This ‘on camera’ light painting technique will create a smoother image than the Kinetic technique. Swirling, spiralling lines of light being favourites. It also allows you to introduce other elements into your images, such as people or buildings.

  • Light painting with the light source off camera


As above, this technique uses a tripod. However, rather than showing the light source directly by showing it’s movements, this technique is all about showing the light created but not the source.

This is less about lines of light and more about lighting up areas of an otherwise dark scene.

To achieve this effect, you would project light into the scene you are photographing – but you would not directly see the source of the light in the image, only the light it produces. Weaving light in and out of trees for instance.

  • Light painting with projections


This was extremely popular in the art world in the 1960s using slide projectors. The technique is often used today in advertising, art, and performance using a data projector.

Images or words in a range of colors can be projected onto still or moving surfaces.

Messages are often projected onto buildings and walls like virtual graffiti. A favorite subject for light painting is projecting images, writing, or strong patterns onto a face, hands, body, or dancer.

Projections can enhance the subject, bring out the patterns and structure of a building or create an interesting contrast – water or clouds on a building or  on a body like my shoot for Holas Beachwear 



Dial in Your Camera Settings

Getting your camera settings right is essential for light painting and long exposures are an absolute must. Below we explain some typical camera settings including shutter speed and focusing. These should help get you started with light paint photography.

  • Format – set to RAW to enable you to have as much control over the image in terms of detail retention in the edit. It will also give you the best quality image.
  • Mode – select manual mode on your camera. It’s really important that you have complete control over your exposure time.
  • Aperture – this really depends on what you’re shooting and what you want to achieve. Against a dark background making patterns with sparklers or a small torch will probably work well with a high aperture and the subject in the mid-distance. However if you want to show more of the scene, shoot with a shallower aperture. We recommend starting at F5.6 – as it should enable you to get sharp images and account for different plains and depth in your image – and then experiment from there.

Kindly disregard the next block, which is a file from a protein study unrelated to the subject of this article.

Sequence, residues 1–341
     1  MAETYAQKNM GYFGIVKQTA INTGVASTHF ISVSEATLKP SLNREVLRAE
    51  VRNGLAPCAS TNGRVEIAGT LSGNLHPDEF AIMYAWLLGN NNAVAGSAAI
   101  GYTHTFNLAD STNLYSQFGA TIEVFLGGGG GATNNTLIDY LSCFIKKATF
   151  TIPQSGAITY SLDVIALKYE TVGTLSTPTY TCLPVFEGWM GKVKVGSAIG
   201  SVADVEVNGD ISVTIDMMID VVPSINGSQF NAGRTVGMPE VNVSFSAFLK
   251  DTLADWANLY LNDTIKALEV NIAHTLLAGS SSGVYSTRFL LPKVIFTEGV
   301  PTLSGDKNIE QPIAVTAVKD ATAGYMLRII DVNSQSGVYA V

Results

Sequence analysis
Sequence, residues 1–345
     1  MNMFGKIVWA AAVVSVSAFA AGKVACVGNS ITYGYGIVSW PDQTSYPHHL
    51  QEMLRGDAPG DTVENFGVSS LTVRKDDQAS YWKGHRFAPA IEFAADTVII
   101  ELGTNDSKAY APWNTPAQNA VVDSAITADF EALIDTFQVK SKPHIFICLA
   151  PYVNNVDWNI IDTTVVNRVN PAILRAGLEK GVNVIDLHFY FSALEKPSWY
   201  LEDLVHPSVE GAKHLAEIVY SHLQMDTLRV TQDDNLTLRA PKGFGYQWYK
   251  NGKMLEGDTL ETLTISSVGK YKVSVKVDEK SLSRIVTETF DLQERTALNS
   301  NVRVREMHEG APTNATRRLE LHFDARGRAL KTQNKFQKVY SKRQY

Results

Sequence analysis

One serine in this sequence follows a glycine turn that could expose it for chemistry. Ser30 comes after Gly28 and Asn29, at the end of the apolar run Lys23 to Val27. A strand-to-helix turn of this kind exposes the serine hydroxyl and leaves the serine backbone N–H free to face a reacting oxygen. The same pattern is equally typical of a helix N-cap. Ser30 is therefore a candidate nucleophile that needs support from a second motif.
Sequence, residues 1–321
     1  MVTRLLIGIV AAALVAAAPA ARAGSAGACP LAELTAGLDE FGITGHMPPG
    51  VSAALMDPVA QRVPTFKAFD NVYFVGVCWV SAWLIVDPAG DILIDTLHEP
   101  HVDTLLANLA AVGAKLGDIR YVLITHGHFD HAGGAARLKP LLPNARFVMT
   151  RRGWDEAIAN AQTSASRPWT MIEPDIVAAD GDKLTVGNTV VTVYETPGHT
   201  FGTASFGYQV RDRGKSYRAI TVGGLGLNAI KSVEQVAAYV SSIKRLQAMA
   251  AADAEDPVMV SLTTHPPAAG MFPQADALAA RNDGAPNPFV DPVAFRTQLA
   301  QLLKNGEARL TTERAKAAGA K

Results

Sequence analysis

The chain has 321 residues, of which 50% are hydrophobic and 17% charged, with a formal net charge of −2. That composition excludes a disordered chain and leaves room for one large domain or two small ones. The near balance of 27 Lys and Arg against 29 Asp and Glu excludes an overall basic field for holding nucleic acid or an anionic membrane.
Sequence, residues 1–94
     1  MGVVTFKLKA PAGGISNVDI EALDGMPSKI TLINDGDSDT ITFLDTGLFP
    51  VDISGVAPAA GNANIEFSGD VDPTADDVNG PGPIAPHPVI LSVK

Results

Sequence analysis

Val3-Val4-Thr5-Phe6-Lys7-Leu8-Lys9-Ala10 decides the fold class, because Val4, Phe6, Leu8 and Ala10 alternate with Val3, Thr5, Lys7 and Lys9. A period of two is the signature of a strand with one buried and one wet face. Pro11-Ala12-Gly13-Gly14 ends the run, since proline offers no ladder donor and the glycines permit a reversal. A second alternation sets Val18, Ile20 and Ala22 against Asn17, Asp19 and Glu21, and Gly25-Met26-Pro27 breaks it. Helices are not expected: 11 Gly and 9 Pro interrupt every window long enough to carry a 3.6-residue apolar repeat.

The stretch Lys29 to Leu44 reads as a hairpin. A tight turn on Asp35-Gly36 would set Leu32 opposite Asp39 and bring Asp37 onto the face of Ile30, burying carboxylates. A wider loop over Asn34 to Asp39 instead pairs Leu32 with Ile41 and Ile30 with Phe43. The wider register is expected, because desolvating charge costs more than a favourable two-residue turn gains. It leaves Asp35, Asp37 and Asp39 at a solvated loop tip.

• Shutter – start your shutter speed at 30 seconds and adjust from there to find your base exposures. You may need far less – or longer, in bulb setting mode. It all depends on what you are shooting – if you’re including a person in your image, a 30 seconds shutter speed can be a very long time to ask them to stand still. Remember to use a remote shutter release, or use your camera’s in-built timer which you can trigger with your shutter button to avoid any movement.
  • ISO – keep the ISO as low as possible to reduce noise when shooting long exposures at low light, so start at ISO 100.
  • Focusing – ensure you are in manual focus mode, and use your lens’ focus ring to make minor adjustments. If you have a mirrorless camera, you can experiement with focus peaking too. (By avoiding auto focus, your camera won’t try to refocus when you come to take your shot.)

Wear Dark and Non-reflective Clothing

If you’re going to be the one moving within the camera frame, make sure you wear dark clothes and make sure you keep moving.

If you are more cautious with your movements and you wear bright clothes, you may show up in your image, seemingly as a ghostly presence. This is of course something you will want to avoid.


Don’t Point Your Light Source Directly at the Camera

When light painting, try not to point your light source directly at your camera – this may leave you with a bright white ‘blob’ in your image. That’s not what you’re trying to accomplish!

If you’re using strong flashlights, keep them away from your eyes, since you’ll ruin your night vision, or at least, delay your eyes from getting used to the low light in the scene.

Use Multiple Light Sources for a Varied Effect
  • Paint from the sides – Don’t just stand behind your camera and wave the light across your image. Painting flat surfaces from the side will allow you to bring out textures.
  • Use lots of different angles – For instance, when painting the ground, hold the beam low and pan the light along the floor. This will keep the ground from appearing flat, and it’ll bring out all the details of the surface. Also, by adding light from many angles, the resulting image will have an interesting three-dimensional effect.
  • Don’t stand between the camera and your light source – If you do this, you will show up as a silhouetted ghost in the final photo!
  • Wear dark, non-reflective clothing and keep moving – Again, you do not want to appear as a ghost in your image!
  • Don’t shine the light source back at the camera – Otherwise, you’ll create a bright spot in the image.
  • Use a flashlight with a red filter when you check your camera to make adjustments. The red light will keep you from ruining your night vision.
  • Different surfaces are going to react to light differently – Wood surfaces may require more light than shiny surfaces such as metal or glass, because rougher surfaces absorb more light than smooth surfaces.
  • Keep your light moving – Move the beam in slow strokes to add lots of light and make faster strokes in areas where less light is needed.
  • Paint in up-and-down or side-to-side strokes, just like you’d work with real paint.
  • You probably won’t get the shot you want on the first try – It may take multiple attempts to get an image that you’re satisfied with. For this reason, try to keep track of how much light you add to each surface. Develop a plan so that you can make adjustments to each exposure until you get the image you’ve visualised.

Finally , I have partnered up with the folks over at Light Painting Paradise to offer 10% discount to anyone who uses the promo code : joaolightpainting